Consequence of Criminal Conduct for Non-Citizens

by Tudor Mihai Neagu on Oct. 04, 2018


Summary: Non-citizens who come into contact with the criminal justice system may face serious immigration consequences, particularly in recent years.

If you are in the United States, but you are not a citizen, deportation is always a possibility, unfortunately.  That is especially true if you come into contact with the criminal justice system.  Even if you get arrested and released a day later, you have to talk about that on immigration forms.  US citizens are not usually asked to talk about arrests unless they lead to convictions.  So as usual, everything is stricter for immigrants. 

For green card holders, my advice is simple: become a citizen as soon as you become eligible, because that’s the only way to be guaranteed protection from deportation.  Some of the older folks listening who are afraid of the citizenship exam, you should know that there are exemptions from the test.  If you’re over 50 and had your green card for a long time, you may be able to take a simplified version of the test. 

For those who are not eligible to become citizens, my advice is even simpler: don’t get arrested, whatever you do.  Obviously.  But if you do get arrested, it is crucial that you don’t just have a criminal attorney, you must have a criminal and immigration attorney, or even better, an attorney who specializes in both criminal and immigration law.  Lucky for you, we have those here at our law firm. 

The interaction between criminal law and immigration law is immensely complicated, and it’s not really possible to give it any fair treatment in just a few minutes, but the main idea is this:  our immigration laws balance two things.  On the one side of the scale, the law considers what kind of crime you committed, how serious it is, and what the punishment is.  Obviously the more serious the crime, the more the scale tilts on the side of deportation.  On the other side of the scale, the law weighs your relationship with the United States.  Were you admitted legally?  Do you have a green card?  How long have you been here?  Do you have relatives here?  The more significant your relationship is with the United States, the more the scale will tip in the direction of forgiveness.  So for example, if you had a green card for ten years and you got caught speeding, you’ll probably be ok.  But if you snuck across the border yesterday and got caught speeding, you’re probably getting deported.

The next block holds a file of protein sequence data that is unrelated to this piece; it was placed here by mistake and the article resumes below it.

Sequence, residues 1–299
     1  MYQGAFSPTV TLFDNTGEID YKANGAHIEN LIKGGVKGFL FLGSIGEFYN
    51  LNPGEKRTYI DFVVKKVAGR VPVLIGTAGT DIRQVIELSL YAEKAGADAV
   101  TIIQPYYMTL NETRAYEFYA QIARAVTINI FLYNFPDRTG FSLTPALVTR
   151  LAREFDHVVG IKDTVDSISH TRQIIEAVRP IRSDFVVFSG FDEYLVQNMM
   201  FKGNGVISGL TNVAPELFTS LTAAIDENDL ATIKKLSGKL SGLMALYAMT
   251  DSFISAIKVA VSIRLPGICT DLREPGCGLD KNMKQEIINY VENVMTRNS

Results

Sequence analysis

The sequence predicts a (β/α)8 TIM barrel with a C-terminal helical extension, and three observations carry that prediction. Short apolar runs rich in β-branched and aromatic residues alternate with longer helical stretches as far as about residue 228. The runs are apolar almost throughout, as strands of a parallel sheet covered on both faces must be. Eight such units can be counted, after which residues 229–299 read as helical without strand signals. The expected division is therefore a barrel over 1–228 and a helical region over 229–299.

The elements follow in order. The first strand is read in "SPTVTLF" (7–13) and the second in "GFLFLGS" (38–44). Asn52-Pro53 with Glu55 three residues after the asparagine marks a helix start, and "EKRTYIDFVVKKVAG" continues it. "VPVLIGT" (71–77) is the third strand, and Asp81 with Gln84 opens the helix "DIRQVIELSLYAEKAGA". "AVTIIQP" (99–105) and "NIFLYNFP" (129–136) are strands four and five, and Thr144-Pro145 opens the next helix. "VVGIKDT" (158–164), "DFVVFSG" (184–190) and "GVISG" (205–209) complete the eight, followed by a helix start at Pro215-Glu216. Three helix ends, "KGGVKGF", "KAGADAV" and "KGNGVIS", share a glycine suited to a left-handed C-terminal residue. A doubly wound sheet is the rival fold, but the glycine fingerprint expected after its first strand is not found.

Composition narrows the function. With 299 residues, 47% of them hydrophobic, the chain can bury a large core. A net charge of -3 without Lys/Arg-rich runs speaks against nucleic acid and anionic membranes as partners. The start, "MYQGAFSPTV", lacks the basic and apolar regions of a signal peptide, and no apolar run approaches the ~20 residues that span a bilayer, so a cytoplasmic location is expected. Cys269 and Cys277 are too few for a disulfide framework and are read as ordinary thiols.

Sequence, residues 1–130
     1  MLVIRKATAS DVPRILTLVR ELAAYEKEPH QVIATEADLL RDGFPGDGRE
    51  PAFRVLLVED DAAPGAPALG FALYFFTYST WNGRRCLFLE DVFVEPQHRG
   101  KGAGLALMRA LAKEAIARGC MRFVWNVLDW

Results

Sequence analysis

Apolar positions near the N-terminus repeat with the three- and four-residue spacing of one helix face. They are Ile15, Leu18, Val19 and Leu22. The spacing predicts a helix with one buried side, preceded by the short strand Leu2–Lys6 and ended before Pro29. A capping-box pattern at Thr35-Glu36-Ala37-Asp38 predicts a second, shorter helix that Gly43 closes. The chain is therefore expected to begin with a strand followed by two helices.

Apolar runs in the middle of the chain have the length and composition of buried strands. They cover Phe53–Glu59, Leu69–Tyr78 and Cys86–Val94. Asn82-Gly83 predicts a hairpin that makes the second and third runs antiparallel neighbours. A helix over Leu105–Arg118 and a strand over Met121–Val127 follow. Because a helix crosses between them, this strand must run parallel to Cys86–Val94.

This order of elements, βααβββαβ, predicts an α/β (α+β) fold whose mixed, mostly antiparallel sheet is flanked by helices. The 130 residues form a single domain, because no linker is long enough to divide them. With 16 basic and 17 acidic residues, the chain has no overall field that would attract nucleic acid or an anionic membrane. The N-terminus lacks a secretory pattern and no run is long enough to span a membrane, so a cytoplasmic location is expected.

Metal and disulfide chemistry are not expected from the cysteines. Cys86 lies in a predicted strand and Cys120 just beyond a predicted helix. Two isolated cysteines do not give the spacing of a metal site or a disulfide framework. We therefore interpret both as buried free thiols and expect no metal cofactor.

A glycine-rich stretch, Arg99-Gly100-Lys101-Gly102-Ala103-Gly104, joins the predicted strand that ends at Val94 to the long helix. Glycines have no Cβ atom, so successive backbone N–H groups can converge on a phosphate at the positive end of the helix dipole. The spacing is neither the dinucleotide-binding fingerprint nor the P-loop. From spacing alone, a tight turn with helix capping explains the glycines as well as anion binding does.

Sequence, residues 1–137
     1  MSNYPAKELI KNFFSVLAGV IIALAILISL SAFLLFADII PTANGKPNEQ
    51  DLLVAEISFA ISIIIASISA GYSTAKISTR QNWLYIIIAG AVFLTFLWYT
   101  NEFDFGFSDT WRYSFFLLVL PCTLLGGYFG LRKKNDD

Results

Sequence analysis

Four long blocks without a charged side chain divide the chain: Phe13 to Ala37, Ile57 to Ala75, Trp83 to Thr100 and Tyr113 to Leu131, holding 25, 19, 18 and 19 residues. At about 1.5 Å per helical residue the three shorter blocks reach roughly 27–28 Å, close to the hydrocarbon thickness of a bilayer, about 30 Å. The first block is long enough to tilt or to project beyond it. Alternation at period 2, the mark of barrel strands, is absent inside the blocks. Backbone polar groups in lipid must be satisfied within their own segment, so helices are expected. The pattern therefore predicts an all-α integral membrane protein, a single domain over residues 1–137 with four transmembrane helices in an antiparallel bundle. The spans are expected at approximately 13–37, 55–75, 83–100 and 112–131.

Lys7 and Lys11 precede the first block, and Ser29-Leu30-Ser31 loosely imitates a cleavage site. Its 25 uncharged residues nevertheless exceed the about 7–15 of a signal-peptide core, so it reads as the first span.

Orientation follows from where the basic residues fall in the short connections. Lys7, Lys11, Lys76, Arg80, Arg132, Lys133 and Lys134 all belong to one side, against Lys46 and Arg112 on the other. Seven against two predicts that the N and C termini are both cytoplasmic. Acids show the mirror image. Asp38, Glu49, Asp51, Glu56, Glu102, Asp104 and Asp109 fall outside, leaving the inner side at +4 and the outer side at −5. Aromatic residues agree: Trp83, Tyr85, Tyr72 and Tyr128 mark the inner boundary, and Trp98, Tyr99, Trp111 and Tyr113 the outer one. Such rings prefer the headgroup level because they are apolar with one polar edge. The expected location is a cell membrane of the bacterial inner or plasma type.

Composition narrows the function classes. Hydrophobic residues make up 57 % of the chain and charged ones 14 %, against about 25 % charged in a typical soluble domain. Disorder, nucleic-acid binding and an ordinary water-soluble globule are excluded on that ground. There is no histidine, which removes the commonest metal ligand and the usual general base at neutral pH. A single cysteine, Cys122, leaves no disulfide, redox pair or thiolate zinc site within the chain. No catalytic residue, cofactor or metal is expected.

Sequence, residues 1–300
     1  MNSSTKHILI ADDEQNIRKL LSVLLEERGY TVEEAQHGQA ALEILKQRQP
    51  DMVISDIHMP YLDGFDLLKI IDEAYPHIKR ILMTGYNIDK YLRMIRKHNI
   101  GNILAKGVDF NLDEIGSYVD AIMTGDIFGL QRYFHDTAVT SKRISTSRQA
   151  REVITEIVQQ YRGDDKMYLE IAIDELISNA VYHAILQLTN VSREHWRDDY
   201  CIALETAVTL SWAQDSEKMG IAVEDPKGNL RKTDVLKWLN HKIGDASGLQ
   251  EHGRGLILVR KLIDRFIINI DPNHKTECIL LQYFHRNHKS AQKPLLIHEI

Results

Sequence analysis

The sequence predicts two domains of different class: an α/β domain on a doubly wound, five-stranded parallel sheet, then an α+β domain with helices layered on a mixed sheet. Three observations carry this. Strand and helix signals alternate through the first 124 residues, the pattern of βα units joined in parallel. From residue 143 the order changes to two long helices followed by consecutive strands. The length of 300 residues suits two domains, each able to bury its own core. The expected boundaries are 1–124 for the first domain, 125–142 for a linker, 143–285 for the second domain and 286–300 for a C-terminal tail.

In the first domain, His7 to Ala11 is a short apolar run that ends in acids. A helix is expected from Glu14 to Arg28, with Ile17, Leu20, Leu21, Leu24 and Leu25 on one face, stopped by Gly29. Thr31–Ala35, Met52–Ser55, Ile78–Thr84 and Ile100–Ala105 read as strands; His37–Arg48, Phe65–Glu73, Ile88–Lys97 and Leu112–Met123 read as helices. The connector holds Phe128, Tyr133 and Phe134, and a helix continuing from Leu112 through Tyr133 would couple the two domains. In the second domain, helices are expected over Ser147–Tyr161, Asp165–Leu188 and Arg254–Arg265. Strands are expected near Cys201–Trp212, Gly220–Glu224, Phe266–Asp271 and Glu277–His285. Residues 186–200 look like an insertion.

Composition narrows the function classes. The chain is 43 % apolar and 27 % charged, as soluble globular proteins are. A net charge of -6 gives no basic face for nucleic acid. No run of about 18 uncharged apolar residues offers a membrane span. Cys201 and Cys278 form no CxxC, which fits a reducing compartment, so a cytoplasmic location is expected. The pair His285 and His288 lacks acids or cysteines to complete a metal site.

Having said all that, there are some clear cut criminal convictions that will guarantee deportation regardless of your status in the United States, and they’re called aggravated felonies.  I’ll give you some examples (remember, aggravated felony in the immigration sense doesn’t mean the same thing as a felony in the criminal sense):

Murder, rape, sexual abuse of a minor, drug trafficking, arms trafficking, laundering money, crimes of violence in general, theft, burglary, child pornography, racketeering, kidnapping and ransom, prostitution, fraud and deceit offenses, alien smuggling, reentering the US after being deported, fugitives, perjury, terrorism, basically serious stuff.  These will guarantee that you get kicked out, no matter what your status is here other than citizen.  And remember, you’ll probably have to serve a long sentence in a US prison first, before you get deported.  And if you’re from China, they often will refuse to issue a passport to you if you were convicted of a serious crime in the United States, which leads to a different kind of problem that we’ll discuss another time. 

Remember, these are crimes that will guarantee deportation, but you can be deported for much less than that, and that is why I urge anyone here who is not a US citizen and gets arrested, to contact a criminal and immigration attorney. 

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